DCSIMG

Police crack down on illegal use of scramblers and quads

Raising awareness about illegal scrambler use are Councillor Jim Bingham, PCSP chair, George Robinson, Newtownabbey Borough Council park warden, constables from the Macedon Neighbourhood Policing Team and Councillor Billy Webb, PCSP member. INNT 11-461-CON

Raising awareness about illegal scrambler use are Councillor Jim Bingham, PCSP chair, George Robinson, Newtownabbey Borough Council park warden, constables from the Macedon Neighbourhood Policing Team and Councillor Billy Webb, PCSP member. INNT 11-461-CON

Police patrols are to be stepped up across the borough in response to concerns over the illegal use of quad bikes and scramblers.

Newtownabbey Policing and Community Safety Partnership (PCSP) and local police have received an increased number of complaints from residents and community groups regarding the use of off-road vehicles in parks, on private land and green spaces.

Information leaflets have been distributed to provide advice and guidance in relation to laws and safety with regard to the use of quads and scramblers.

Councillor Billy Webb, who initiated the campaign following complaints from residents in Rathcoole said: “Individuals who engage in this activity show disregard for law-abiding members in their communities.

“With the onset of brighter nights, this problem may get worse and I would call on anyone seeing quads or scramblers causing annoyance or damage to contact the PSNI or Crimestoppers.”

Police in Newtownabbey are reminding the public that they will take action to curb the nuisance and dangers associated with the use of off-road scramblers and quads in public areas.

Whilst the use of such motorised vehicles as a leisure activity can be both exciting and fun, if used inappropriately, it can be dangerous and against the law in certain circumstances.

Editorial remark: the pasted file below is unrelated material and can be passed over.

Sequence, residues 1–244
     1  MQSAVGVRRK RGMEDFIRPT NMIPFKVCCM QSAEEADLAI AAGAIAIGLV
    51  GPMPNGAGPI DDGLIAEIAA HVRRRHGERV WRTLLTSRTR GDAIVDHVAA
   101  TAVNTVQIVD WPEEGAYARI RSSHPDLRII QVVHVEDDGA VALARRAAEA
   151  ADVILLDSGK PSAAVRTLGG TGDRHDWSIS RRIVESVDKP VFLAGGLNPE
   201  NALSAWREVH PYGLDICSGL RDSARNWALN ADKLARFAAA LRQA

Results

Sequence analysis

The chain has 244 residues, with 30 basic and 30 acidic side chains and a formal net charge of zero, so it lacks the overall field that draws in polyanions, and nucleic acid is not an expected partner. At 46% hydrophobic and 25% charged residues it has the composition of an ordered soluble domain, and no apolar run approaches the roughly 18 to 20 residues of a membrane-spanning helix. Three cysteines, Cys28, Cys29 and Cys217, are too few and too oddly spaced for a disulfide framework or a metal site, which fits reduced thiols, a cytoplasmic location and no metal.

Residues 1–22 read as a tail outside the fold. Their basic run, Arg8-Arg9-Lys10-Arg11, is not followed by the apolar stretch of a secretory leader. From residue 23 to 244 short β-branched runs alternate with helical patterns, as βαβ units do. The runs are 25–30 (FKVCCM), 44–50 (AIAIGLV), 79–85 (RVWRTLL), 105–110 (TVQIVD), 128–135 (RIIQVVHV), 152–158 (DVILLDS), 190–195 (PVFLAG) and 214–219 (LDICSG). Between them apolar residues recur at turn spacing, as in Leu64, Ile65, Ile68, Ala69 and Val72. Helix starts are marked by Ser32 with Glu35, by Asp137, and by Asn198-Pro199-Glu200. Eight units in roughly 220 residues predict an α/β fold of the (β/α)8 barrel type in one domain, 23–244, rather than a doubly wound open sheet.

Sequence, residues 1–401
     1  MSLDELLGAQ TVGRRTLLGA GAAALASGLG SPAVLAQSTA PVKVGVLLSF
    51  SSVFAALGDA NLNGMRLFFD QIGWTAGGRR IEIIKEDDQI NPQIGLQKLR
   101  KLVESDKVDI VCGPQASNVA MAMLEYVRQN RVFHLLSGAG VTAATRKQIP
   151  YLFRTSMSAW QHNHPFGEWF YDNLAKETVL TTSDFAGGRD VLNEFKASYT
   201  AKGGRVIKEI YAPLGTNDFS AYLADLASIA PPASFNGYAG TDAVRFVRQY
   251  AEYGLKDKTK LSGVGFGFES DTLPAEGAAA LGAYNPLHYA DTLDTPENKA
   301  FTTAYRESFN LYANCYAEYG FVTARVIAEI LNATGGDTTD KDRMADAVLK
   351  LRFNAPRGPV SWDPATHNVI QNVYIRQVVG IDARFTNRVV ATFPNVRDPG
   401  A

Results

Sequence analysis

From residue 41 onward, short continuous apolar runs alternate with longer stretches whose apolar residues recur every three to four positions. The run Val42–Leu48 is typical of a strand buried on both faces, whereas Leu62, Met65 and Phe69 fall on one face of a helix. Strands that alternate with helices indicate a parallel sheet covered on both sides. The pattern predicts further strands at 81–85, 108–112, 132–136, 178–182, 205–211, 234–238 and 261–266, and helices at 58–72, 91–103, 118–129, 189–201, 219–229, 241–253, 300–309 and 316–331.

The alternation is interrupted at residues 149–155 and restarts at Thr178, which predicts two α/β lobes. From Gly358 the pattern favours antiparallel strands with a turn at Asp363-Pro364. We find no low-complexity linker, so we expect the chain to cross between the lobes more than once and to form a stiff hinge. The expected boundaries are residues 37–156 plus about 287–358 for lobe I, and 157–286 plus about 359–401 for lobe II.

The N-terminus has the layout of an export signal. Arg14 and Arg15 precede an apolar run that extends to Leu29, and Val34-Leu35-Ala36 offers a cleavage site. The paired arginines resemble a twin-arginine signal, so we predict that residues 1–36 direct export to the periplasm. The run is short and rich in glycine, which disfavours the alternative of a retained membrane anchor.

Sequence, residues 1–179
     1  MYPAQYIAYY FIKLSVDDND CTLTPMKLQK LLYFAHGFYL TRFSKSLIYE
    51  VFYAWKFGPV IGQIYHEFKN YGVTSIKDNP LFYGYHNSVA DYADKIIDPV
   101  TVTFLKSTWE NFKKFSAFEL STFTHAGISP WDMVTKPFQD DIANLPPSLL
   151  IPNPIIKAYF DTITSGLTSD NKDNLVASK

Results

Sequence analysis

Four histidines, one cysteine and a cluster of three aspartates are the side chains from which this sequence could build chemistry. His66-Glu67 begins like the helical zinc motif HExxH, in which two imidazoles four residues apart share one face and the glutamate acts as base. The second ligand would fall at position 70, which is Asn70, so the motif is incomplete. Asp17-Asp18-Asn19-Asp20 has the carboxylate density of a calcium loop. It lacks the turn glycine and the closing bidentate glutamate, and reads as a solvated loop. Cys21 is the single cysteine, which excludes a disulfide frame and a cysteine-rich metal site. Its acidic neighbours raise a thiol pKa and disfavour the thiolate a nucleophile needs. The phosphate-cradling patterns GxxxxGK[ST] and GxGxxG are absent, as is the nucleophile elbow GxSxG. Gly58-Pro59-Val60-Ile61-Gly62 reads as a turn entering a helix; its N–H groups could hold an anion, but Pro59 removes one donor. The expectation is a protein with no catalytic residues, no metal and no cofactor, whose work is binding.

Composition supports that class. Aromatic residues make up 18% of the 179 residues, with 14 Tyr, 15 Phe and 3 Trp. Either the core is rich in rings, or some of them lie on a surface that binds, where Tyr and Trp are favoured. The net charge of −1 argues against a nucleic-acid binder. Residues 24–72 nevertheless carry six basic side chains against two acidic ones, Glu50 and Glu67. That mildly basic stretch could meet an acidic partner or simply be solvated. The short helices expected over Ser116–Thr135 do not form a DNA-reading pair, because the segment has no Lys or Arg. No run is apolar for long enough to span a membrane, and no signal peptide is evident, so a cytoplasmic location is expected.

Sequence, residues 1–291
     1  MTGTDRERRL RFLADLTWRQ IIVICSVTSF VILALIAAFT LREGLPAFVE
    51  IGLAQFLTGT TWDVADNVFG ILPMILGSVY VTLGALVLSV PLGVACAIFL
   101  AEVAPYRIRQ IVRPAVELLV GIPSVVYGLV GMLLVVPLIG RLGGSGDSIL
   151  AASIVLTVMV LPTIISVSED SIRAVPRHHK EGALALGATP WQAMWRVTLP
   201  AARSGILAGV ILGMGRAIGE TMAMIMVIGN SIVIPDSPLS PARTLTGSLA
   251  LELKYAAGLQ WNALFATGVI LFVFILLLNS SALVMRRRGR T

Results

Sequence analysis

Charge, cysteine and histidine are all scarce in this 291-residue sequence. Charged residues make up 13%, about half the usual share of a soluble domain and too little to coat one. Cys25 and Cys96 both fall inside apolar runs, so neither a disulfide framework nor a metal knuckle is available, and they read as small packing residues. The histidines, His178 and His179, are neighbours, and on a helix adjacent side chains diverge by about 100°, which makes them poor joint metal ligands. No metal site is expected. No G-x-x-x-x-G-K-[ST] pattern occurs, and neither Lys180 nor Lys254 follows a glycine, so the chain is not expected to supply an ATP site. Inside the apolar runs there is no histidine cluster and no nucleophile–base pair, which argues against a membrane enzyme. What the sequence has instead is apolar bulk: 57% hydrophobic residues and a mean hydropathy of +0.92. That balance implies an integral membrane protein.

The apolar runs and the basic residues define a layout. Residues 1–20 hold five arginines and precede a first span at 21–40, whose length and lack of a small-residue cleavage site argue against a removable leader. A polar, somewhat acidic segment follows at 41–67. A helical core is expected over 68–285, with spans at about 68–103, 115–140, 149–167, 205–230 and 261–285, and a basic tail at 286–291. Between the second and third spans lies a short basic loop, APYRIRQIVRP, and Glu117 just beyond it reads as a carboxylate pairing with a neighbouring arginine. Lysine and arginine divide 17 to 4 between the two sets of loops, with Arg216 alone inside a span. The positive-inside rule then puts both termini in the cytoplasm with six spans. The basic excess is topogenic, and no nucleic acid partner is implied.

Inspector Alan McKeown added: “Quads and some scramblers do not comply with Construction and Use Regulations and Vehicle Safety Standards and therefore are restricted to ‘off-road’ use only. This does not mean they can be driven anywhere ‘off-road’.

“These vehicles should only be driven on private land where the landowner has given permission and should not be driven on pavements, roads, public property or parks; this includes green grass areas and public paths.”

Inspector McKeown further emphasised that riders must be aware of the minimum requirements by law. Vehicles designed for use on roads should have the appropriate equipment fitted such as lights and number plates and the driver/rider should be the holder of a suitable driving licence and insurance.

“If vehicles are not designed for the road and not insured, they can only be used on private lands with the permission of the landowner.”

The PCSP and police are urging people to consider others living in their community or the areas where these vehicles are being used.

“Parents too are asked to play their part by considering how their children use these vehicles. No parent wants their child brought home for any wrong-doing, but if necessary, officers can refer an individual to the PSNI’s youth diversion officer for prosecution purposes. Police also have the power to seize these vehicles and will not hesitate in doing so in the interests of public safety,” the Inspector continued.

“Anyone who witnesses this type of activity in the area or who has any information is asked to contact their local Police on 0845 600 8000.

“Or if someone would prefer to provide information without giving their details, they can contact the independent charity Crimestoppers and speak to them anonymously on 0800 555 111.”

 
 
 

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